7 Musée du Vieux Nîmes (Museum of Old Nîmes)

This museum is found at the Place aux Herbes, a charming public space with many outdoor café tables spilling out into the square. Housed in a 17th-century building (the former Bishop's Palace), the museum illustrates Nîmes' history from the Middle Ages until the 19th century. Everyday objects, arts, crafts, and furnishings help to illustrate the local culture and traditions. The museum has a particularly interesting textile collection, since Nîmes was an important manufacturer of textiles in the 18th century. Nîmes shawls were once the rage all over Europe. Visitors will also be surprised to learn that denim was invented in Nîmes. There is a "Blue Room" dedicated to Nîmes' most famous cloth.

Address: Place aux Herbes, Nîmes

8 Musée des Cultures Tauru (Museum of Bullfighting)

Opened in May 2002, this museum celebrates the tradition of bullfighting that is part of Nîmes' heritage. The museum lies a few steps away from the ancient Roman amphitheater, where bullfighting has been staged for the Feria de Nîmes since the mid 20th century. This is the only museum in France dedicated to the subject of bullfighting. The collection includes bullfighting costumes, art work depicting bullfights, and information related to bullfighting. Visitors learn about the customs of bullfighting that originated in Spain and were brought to the nearby Camargue region south of Arles.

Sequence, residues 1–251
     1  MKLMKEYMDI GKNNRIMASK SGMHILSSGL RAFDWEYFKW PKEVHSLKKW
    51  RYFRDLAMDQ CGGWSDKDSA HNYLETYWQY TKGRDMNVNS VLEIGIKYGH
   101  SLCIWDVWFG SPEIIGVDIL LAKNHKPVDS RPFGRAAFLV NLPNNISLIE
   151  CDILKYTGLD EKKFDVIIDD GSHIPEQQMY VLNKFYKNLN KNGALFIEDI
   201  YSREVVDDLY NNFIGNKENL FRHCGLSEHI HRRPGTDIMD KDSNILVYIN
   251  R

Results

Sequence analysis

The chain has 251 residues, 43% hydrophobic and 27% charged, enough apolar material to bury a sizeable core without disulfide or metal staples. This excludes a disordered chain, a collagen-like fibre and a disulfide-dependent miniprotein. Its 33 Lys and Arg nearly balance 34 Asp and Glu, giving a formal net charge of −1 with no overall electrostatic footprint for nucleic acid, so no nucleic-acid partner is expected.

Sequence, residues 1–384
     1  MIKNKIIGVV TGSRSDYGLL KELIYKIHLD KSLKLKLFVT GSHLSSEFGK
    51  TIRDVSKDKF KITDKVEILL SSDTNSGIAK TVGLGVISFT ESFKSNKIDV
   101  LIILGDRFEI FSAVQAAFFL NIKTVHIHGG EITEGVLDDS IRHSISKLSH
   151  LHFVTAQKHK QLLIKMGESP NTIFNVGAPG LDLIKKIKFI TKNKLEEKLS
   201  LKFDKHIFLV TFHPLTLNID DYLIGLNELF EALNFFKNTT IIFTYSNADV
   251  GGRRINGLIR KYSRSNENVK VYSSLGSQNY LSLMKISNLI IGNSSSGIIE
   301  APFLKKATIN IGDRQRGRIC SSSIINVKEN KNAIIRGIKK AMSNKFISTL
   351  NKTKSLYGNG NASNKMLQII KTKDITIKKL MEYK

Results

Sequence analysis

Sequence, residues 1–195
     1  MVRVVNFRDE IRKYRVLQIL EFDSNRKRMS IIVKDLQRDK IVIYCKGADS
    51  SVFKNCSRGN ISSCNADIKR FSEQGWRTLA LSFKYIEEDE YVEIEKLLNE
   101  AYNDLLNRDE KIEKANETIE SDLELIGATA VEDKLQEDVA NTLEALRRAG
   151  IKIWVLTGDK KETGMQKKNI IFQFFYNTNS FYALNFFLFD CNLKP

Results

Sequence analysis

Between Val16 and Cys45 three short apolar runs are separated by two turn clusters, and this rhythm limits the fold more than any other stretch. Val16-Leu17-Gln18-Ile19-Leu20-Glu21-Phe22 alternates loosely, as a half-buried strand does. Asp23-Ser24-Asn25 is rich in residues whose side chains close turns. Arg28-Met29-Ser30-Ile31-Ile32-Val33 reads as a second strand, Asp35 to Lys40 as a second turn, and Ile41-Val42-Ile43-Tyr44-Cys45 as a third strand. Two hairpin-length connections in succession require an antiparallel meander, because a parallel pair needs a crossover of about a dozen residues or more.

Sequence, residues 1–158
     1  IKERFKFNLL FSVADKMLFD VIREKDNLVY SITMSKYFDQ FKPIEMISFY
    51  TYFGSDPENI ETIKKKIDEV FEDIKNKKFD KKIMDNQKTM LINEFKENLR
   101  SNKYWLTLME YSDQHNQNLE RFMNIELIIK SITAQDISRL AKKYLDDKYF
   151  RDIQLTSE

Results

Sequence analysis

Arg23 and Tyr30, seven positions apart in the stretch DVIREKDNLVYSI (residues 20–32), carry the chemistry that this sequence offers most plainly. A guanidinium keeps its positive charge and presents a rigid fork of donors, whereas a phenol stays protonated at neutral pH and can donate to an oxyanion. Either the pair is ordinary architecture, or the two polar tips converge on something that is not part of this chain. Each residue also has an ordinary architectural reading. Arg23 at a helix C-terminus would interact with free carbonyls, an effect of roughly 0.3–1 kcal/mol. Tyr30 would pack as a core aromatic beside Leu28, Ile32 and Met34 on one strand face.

Address: 6 Rue Alexandre Ducros, Nîmes

9 Porte d'Auguste

Named for Emperor Augustus who built the original town walls, the Porte d'Auguste stands near the northern end of the Boulevard Amiral Courbet. This town gate dates from around the 16th or 15th century BC and was the starting point of the road to Rome. In the 14th century, the Porte d'Auguste was incorporated into the walls of a medieval fortress and was not uncovered again until 1752 when the fortress was damaged. The gate's side wings were destroyed during the French Revolution. Now, there is a bronze statue of Augustus (a modern copy) placed near the gate.

Address: 25 Boulevard Amiral Courbet, Nîmes

10 Carré d'Art - Musée d'Art Contemporain (Museum of Contemporary Art)

Carré d'Art - Musée d'Art Contemporain (Museum of Contemporary Art)
Carré d'Art - Musée d'Art Contemporain (Museum of Contemporary Art) Wolfgang Staudt / photo modified
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To the west of the Maison Carrée stands a building in striking contrast to Nîmes' ancient architecture. The Musée d'Art Contemporain is a sleek modern building designed by architect Norman Foster. The museum's permanent collection includes around 400 works of contemporary art-created since the 1960s. The collections are organized by geography, such as sections for French art and Mediterranean art. Renowned temporary exhibitions are held here every year.

Address: 16 Place de la Maison Carrée, Nîmes